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ulav8r
User Rank
Iron
Cause for Failure?
ulav8r   10/28/2011 10:45:19 AM
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I may be having a slow day, but I saw no explanation about why the clutch that had worked for years was now failing.  I would infer that the new application required more start up torque and therefore overstressed the clutch more than previous applications.  Is that right?

ulav8r
User Rank
Iron
Cause of reduced life?
ulav8r   10/28/2011 12:18:16 PM
NO RATINGS
I did not see an answer as to why the clutch failed much sooner in the new application.  Was it being stressed more in the new application or had something else changed?

William K.
User Rank
Gold
The failing spring clutch
William K.   10/28/2011 10:09:30 PM
NO RATINGS
A unique presentation in Shelock Ohms segment!

Of course, the first failure was with those who assumed that since the application was similar, that the torques would be the same. That kind of thinking is lazy, with no excuses. Of course, there is a lot of lazy going around. Ignoring the deformed clutch spring is even worse, since that is such a very obvious indication of an overload.  Making your own torque sensor was certainly one way to find out what actually was happening, I guess that was what you had to do, because there did not used to be any source for torque sensors. But making your own sensors like that would be expensive.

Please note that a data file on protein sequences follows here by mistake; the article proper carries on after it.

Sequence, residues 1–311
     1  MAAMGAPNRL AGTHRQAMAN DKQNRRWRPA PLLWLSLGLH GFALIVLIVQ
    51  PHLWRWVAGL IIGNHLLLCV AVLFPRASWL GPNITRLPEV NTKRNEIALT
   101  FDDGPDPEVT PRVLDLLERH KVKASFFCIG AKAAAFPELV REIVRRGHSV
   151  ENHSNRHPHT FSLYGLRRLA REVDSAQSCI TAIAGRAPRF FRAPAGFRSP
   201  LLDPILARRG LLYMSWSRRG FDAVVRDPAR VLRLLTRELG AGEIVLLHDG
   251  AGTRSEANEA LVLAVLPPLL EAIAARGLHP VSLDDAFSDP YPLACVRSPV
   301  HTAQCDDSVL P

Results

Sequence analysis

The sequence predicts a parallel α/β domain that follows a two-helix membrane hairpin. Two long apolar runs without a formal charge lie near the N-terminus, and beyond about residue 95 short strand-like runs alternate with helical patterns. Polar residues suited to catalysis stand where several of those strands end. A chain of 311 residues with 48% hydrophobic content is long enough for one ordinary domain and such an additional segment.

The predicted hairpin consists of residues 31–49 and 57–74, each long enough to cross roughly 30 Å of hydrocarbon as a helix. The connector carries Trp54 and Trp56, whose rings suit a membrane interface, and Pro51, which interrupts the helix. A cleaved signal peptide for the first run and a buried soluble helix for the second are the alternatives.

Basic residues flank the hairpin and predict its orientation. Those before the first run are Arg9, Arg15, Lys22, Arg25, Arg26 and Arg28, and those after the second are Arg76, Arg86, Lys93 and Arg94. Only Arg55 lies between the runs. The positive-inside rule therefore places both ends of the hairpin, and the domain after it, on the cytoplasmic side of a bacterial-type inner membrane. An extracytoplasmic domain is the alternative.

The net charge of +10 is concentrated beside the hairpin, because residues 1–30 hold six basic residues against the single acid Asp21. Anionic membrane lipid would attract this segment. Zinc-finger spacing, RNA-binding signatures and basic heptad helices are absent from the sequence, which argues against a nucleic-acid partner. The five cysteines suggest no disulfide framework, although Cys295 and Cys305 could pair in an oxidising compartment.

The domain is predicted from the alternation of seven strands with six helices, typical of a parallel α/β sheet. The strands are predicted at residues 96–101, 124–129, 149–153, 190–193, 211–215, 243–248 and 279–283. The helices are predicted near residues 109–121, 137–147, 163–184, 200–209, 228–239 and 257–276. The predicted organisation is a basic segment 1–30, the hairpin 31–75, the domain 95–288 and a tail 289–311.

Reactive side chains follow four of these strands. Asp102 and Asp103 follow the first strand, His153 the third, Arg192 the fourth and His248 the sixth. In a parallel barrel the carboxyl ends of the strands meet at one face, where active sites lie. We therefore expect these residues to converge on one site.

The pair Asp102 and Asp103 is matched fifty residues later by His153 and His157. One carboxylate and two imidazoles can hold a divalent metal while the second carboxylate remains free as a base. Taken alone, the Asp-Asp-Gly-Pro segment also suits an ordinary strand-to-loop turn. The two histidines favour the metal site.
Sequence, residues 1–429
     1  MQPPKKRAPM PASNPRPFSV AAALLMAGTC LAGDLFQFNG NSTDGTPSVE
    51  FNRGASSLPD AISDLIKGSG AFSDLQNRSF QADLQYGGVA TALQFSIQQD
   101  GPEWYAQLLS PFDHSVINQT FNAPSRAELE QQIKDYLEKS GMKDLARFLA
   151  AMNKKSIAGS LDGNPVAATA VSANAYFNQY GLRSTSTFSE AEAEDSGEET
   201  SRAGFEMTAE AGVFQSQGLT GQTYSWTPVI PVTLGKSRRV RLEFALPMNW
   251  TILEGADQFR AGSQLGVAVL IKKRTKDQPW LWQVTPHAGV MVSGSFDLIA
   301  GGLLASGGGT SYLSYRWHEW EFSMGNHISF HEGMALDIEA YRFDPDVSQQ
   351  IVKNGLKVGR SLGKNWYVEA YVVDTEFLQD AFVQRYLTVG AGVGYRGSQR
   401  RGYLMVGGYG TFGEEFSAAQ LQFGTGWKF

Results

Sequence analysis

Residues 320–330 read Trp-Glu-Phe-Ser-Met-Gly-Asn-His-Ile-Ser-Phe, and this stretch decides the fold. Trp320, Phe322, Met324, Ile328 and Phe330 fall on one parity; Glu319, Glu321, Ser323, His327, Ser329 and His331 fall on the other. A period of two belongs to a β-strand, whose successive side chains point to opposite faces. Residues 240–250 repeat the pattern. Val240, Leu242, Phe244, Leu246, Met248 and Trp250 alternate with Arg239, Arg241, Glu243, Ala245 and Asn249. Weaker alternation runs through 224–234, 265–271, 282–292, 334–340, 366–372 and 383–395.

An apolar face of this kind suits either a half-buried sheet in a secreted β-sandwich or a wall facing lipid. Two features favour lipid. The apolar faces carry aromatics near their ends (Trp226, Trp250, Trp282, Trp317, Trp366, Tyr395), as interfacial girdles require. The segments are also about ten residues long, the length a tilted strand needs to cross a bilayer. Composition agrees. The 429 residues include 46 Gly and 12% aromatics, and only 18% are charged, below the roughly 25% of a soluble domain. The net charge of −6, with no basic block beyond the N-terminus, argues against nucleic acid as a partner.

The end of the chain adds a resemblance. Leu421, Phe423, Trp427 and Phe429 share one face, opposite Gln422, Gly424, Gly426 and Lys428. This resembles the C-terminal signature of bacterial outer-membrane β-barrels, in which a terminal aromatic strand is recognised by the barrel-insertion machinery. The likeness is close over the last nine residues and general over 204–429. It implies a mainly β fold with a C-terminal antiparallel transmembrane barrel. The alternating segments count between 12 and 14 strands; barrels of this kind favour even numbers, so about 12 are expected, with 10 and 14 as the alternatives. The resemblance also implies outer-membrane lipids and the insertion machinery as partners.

Probably it would have been useful to study the previous design that had a good track record and find out what was so different, since possibly it would be something that could be used in the newer design, (except that there were lots of them already in the field).

I have seen a few disasters caused by people thinking that something was the same as the previous version. 

Tim
User Rank
Platinum
Re: The failing spring clutch
Tim   10/30/2011 10:29:06 PM
NO RATINGS
I agree.  It is important to learn from your mistakes, but there is just as much importance to not be too complacent in your sucesses.  Just because something worked once does not mean it will always work in all applications.



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